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BBC’s Countryfile warns of low-quality food in schools and hospitals

Non-compliance with public sector food standards is widespread and could become a back door for low standard food in schools and hospitals, whilst trade deals bring new threats to food standards, according to the Countryfile investigation.

Credit: Monkey Business Images / Shutterstock

Credit: Monkey Business Images / Shutterstock

The television show broadcast on Sunday 11 April drew on evidence from the ongoing EFRA committee inquiry into public sector food, that standards are failing to deliver good food for public money, and should be improved in the upcoming National Food Strategy and government white paper response to follow.

Countryfile also highlighted the risk that food produced to poor standards – low animal welfare and high antibiotic use for example – could end up on the plates of children, hospital patients and care home residents.

Meals fall below official standards

According to rules for public sector procurement introduced in 2014, all food served in Whitehall, the armed forces, prisons, and civil servant canteens must meet UK standards for production, with higher environmental and animal welfare standards, fairly traded products, verifiably sustainable fish and must promote healthier eating. This should ensure taxpayers money is spent on better farming and fishing, protecting wildlife, and benefiting the health of people and nature.

In 2014, the same standards were written into NHS standard contracts for food served to patients and NHS staff, although several studies over the following years showed that these standards were being met only by about half of the hospitals in England. Continuing concerns led to establishment of the Hospital Food Review that reported in 2020, headed up by Prue Leith.

Unfortunately, as the Countryfile show has now highlighted, a get-out clause allows these standards to be broken where there is "a significant increase in costs which cannot reasonably be compensated for by savings elsewhere".

During the show, Defra maintained that they are "not aware" of caterers failing to meet the standards due to this get-out clause. Sustain has presented significant evidence to the contrary; from our own research, our members, and the Department of Health, but, as we note in our evidence to the EFRA enquiry, the lack of independent monitoring or reporting of standards compliance means citizens cannot be confident that public sector food meets the standards expected.

Ruth Westcott, Sustain’s food and climate change coordinator at Sustain said:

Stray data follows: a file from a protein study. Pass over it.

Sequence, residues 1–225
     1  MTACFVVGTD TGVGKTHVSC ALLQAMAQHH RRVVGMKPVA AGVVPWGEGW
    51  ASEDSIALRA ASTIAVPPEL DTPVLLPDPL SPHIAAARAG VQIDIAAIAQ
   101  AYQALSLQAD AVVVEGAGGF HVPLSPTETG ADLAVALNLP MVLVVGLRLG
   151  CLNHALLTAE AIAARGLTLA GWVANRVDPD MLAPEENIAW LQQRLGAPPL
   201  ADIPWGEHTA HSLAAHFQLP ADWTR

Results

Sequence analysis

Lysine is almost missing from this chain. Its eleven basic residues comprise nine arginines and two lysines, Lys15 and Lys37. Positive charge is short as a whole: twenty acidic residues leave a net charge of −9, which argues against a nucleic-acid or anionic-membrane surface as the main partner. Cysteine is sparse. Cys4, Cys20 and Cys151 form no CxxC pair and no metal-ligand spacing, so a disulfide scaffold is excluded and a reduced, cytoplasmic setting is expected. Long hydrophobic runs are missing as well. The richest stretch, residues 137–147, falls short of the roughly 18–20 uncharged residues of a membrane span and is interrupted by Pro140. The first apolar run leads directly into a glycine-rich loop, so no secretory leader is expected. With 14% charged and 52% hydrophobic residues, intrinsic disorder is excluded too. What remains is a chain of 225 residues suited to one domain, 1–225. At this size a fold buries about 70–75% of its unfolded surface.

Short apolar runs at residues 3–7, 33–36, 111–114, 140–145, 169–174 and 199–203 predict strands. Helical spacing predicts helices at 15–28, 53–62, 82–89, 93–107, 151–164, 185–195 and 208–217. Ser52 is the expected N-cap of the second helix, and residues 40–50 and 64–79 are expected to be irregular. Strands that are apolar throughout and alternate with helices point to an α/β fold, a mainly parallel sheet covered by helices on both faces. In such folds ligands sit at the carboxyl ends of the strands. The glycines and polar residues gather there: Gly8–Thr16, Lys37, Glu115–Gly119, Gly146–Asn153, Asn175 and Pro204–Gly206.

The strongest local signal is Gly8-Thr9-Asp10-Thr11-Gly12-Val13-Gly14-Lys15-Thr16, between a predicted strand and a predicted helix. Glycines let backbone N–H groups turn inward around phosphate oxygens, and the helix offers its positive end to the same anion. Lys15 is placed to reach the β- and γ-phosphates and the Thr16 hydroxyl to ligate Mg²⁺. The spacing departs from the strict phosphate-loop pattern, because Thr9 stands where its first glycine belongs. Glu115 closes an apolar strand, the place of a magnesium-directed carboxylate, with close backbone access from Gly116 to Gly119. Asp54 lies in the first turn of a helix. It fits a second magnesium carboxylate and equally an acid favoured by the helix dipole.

“There is exceptional catering talent in the UK, with chefs delivering incredible food on absurdly low budgets. We do them and our farmers a disservice by not using school, hospital and armed-forces catering contracts to uphold high standards. Defra claims there is no recent evidence of non-conformity to standards, but that is because they haven't gone to look. It's like saying there is no evidence of people breaking the speed limit after having removed the speed cameras.”

Trade deals could threaten food quality and safety in public sector food

Countryfile also discusses the risk that food of lower quality than British standards could easily end up on school and hospital plates if trade deals permit an influx of cheap, low-quality food. There are growing concerns that trade deals could permit imports of food produced with high levels of antibiotics, hormones and pesticides, and from systems with poor animal welfare and questionable food hygiene.

If trade deals allow low-quality food to be imported into the UK, public sector caterers on tight budgets could be a natural avenue for this produce, especially because several UK supermarkets have said they won't sell it. ‘Trusting the consumer’ to avoid low-standard food (as proposed by cabinet minister Penny Mourdant) is not viable for public sector food, where there is no labelling and hence no choice.

A spokesperson for the government sought to reassure farmers and the public that the Goverment would ‘stand firm’ in negotiations and ensure future trade deals live up to the values of farmers and consumers across the UK.

Kath Dalmeny, chief executive of Sustain and chair of the Future British Standards Coalition, said:

"The government have repeatedy promised not to lower food standards in trade deals but have had clear opportunities to put this commitment into law, and have deliberately refused to do so. This is despite a public petition of support with over 1 million signatures. We should all be sceptical about empty promises and the Government must guarantee legal and accountable protection of our treasured food standards to prevent them being watererd down in trade deals."


Sustainable farming policy: Sustain encourages integration of sustainable food and farming into local, regional and national government policies.

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